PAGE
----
These days, few people across the country pass away without leaving debts behind. The creditors owed those debts will attempt to collect them regardless of the passing of a loved one. The question many Texas residents may have is who is responsible for the amounts owed -- the estate or family members.
Many Texas residents and others around the nation often worry about the time in their lives when they are no longer able to care for themselves. With studies showing that most senior adults over the age of 65 will need assistance to eat, dress or take a bath, these concerns are warranted. Long-term care costs can be exorbitant, and it is recommended by financial experts that everyone should have a plan to address this future need.
Closing a Texas estate can come with many complications. The executor of the estate will have a number of responsibilities to handle during this time, and without the right information, this person could face more difficulties in an already trying process. Fortunately, if an individual knows that he or she will take on this role, preparing before the loved one's passing may be useful.
Alzheimer's disease is a progressive, debilitating form of dementia that affects millions of people in Texas and the rest of the country. It is a horrific diagnosis to hear about, for the patient as well as family members. While certainly one's attention should be given to treatment of the disease and how to keep it at bay, a person's plans for care and finances also need to be addressed. Experts highly recommend going through the estate planning process to formalize these directives while able to do so.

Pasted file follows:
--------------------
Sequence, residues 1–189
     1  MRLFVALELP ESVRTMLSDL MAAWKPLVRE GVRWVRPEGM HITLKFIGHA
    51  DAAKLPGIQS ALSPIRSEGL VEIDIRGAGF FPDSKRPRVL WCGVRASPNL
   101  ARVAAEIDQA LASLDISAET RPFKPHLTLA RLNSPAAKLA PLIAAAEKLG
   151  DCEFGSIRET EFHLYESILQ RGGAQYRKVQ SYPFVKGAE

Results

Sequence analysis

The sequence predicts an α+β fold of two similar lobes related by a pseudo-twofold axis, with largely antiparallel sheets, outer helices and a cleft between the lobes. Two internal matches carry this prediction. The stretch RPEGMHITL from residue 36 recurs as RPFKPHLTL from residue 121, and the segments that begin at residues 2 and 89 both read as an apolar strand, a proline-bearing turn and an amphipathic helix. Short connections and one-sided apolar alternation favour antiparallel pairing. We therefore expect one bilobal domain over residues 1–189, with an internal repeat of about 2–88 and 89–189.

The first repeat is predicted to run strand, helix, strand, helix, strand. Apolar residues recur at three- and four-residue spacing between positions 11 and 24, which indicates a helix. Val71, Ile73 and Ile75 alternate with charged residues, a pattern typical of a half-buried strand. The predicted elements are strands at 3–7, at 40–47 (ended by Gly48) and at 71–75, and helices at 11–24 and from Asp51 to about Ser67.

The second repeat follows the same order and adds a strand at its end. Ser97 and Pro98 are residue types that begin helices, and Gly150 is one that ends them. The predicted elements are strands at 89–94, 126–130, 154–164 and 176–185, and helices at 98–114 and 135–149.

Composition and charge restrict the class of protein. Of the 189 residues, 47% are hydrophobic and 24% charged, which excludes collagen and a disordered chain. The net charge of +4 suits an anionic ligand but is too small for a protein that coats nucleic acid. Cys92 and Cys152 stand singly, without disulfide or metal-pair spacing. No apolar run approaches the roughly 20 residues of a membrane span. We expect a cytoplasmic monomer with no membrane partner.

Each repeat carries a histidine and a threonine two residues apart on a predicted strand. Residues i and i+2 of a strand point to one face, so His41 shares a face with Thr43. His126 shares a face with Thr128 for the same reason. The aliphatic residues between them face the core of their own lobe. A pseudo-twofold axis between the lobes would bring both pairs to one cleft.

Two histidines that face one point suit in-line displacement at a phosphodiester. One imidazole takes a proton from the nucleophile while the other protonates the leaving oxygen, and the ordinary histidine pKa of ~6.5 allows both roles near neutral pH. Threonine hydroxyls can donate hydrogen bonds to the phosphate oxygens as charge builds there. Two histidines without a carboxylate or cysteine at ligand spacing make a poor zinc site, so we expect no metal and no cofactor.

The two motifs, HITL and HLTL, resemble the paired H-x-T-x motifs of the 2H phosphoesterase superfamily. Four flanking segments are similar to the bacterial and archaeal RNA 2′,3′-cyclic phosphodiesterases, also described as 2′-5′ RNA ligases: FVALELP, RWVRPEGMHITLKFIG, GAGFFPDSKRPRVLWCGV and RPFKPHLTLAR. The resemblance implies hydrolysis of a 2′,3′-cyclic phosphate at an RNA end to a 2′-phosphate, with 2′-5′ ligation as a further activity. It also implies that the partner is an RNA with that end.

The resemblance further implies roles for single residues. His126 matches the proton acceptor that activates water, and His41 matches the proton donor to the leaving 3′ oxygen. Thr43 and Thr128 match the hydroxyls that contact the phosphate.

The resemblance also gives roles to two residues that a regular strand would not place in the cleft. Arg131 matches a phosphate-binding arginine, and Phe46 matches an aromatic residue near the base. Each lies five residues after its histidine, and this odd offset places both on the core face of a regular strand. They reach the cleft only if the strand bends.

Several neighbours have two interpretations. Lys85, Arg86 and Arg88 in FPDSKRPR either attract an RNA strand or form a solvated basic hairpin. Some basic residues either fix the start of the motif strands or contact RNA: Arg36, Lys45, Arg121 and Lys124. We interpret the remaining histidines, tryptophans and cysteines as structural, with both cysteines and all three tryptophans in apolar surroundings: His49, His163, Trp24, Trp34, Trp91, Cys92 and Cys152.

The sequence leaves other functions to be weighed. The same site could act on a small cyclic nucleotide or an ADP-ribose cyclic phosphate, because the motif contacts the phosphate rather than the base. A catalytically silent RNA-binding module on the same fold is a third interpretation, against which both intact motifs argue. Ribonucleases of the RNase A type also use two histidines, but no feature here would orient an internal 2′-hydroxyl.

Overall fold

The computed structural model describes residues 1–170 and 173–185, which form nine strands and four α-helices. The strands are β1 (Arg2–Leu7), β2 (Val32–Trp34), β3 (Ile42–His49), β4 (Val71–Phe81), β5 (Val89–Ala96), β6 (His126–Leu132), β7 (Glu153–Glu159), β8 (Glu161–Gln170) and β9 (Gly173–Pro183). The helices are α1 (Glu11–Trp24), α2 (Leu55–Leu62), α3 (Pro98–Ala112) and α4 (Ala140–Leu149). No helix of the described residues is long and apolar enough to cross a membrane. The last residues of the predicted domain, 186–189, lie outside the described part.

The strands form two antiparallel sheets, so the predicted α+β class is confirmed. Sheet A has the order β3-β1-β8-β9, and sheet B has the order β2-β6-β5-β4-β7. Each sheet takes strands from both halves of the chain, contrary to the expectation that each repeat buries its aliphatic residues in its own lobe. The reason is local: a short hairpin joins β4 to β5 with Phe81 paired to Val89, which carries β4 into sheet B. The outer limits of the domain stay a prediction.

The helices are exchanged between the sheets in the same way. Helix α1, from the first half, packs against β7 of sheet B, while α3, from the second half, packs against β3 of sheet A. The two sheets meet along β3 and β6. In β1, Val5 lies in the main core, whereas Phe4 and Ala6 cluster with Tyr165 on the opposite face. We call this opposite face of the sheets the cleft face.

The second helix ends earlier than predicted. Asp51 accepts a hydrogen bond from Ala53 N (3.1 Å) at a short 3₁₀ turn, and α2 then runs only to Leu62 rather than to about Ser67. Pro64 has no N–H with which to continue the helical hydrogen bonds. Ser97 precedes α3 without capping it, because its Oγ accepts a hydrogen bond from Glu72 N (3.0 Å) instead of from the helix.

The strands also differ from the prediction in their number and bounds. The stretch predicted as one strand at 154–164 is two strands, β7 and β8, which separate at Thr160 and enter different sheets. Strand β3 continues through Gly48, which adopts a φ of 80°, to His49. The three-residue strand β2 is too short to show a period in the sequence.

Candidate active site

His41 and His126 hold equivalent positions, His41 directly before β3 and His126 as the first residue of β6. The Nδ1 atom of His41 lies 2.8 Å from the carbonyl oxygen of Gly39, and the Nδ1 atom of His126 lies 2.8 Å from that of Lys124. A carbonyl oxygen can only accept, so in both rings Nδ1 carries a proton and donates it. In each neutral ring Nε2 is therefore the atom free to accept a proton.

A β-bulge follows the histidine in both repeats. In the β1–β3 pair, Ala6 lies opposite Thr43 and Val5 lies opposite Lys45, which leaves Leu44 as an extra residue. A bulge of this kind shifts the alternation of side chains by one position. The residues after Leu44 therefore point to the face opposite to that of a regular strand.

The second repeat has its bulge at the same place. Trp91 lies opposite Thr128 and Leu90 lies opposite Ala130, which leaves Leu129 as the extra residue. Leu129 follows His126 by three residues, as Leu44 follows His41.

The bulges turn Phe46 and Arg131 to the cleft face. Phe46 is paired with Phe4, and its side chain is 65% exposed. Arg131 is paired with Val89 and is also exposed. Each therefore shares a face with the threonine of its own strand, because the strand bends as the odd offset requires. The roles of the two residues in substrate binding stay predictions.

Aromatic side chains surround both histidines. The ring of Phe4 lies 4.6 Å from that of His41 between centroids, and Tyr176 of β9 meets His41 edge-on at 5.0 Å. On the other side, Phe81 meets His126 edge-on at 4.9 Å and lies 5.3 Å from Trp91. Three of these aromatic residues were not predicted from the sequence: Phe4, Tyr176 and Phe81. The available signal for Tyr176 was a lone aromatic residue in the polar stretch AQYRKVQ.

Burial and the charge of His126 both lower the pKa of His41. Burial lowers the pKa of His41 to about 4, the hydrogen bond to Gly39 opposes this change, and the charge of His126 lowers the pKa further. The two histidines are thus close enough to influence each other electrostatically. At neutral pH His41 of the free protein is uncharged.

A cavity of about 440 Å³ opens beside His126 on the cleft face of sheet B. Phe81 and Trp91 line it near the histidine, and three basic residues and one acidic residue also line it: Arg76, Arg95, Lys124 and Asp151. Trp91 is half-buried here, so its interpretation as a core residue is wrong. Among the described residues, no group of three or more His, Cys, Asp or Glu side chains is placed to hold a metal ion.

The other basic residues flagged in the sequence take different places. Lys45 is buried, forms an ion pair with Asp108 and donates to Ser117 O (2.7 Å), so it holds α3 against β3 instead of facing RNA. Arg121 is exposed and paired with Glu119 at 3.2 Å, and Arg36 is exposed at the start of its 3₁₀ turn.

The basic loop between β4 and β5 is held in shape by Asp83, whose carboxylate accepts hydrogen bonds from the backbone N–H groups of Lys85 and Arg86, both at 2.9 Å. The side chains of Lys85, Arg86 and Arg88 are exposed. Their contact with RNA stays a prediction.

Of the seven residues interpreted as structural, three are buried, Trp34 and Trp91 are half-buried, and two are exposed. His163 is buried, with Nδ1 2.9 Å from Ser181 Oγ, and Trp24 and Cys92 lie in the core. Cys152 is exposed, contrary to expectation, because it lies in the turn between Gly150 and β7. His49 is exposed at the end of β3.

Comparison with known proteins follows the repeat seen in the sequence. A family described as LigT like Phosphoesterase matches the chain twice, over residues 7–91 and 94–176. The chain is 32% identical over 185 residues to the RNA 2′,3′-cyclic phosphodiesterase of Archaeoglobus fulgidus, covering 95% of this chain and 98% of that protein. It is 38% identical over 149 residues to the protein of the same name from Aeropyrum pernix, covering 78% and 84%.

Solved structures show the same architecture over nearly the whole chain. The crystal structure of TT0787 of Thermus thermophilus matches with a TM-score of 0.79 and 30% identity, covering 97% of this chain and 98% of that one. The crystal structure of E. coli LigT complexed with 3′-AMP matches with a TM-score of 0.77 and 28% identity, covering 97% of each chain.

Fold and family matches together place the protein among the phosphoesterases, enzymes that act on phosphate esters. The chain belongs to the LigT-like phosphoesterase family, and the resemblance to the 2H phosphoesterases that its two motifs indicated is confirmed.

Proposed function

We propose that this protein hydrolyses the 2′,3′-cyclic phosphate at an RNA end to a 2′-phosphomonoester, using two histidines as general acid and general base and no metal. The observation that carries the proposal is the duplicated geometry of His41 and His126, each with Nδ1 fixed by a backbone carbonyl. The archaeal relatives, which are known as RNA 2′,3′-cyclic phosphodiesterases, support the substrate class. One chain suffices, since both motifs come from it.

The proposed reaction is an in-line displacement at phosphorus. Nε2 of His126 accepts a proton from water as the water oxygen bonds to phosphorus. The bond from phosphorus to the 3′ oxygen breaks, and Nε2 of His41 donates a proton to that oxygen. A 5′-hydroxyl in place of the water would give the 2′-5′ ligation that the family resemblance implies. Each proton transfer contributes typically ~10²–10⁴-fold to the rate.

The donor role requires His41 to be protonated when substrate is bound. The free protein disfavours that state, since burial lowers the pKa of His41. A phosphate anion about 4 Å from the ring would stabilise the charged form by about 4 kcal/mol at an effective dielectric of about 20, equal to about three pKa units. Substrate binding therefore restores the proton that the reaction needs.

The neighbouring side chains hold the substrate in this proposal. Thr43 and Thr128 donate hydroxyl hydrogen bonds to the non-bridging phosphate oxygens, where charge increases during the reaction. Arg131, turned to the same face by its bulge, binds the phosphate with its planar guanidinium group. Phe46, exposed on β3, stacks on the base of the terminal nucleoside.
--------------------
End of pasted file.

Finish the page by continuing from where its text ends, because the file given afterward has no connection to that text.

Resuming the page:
Perhaps one of the most emotional and tedious jobs a Texas family has is cleaning out a home after a loved one dies. This may be especially true if the loved one was sentimental and held on to countless trinkets and other memorabilia. While it may be tempting to bag it all up and toss it on the curb for trash or recycling, handling the situation in this manner may create serious problems, especially for the estate executor or personal representative.